A bewitching new drama of desire, jealousy, murder and voodoo, The House That Will Not Stand has at its centre a black family living in New Orleans in 1836 as they mourn a mysteriously departed husband and father.
Marcus Gardley is a poet-playwright who was awarded the 2011 PEN/Laura Pels award for Mid-Career Playwright. His most recent play, Every Tongue Confess, premiered at Arena Stage, Washington. His musical, On The Levee, premiered at LCT3/Lincoln Center Theater and was nominated for 11 Audelco Awards including outstanding playwright. His play, And Jesus Moonwalks the Mississippi, was produced at The Cutting Ball Theater, San Francisco, and received the SF Bay Area Theatre Critics Circle Award nomination for outstanding new play. It is published in The Methuen Drama Book of Post-Black Plays.
Marcus Gardley's play is a lyrical vision of rivalry, jealousy and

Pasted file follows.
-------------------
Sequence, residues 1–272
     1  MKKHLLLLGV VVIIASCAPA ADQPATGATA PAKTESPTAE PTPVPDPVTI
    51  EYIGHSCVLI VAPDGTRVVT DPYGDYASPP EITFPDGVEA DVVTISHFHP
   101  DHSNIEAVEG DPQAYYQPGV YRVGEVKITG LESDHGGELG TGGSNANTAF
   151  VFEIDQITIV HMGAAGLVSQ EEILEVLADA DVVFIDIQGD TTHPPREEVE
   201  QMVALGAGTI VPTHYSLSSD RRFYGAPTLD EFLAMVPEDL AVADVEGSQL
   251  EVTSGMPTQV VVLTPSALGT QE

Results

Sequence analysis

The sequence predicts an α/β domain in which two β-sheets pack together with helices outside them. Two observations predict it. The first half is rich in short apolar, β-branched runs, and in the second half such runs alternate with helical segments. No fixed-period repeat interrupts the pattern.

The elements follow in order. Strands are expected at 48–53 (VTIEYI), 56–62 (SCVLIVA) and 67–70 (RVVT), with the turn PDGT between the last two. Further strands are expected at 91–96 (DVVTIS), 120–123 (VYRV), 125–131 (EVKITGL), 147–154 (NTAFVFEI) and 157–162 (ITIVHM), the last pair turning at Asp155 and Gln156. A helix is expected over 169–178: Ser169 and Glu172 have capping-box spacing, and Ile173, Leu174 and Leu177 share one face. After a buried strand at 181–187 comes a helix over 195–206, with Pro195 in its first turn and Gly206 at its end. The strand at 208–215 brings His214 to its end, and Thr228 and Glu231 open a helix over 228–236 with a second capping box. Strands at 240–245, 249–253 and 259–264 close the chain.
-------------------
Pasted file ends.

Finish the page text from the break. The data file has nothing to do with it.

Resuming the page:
racial prejudice. Set in New Orleans in the 1830s, it strikingly
depicts passion and repression in a style that is sometimes
reminiscent of Federico Garcia Lorca's great The House of Bernarda
Alba yet also affords fresh insight into a largely unfamiliar
For all of Gardley's palpable debt to Lorca, his play has a historical fascination and exuberant theatricality all its own. [...] It's a rich mix, but Gardley vividly captures the sense of a house not only divided against itself but also caught up in a war of different traditions.
The House That Will Not Stand . . . opens a fascinating window on to the largely forgotten phenomenon of placage . . .
Gardley is an acclaimed poet as well as a playwright, and his script . . . is shot through with a dreamy lyricism. At times, the effect is startlingly beautiful . . .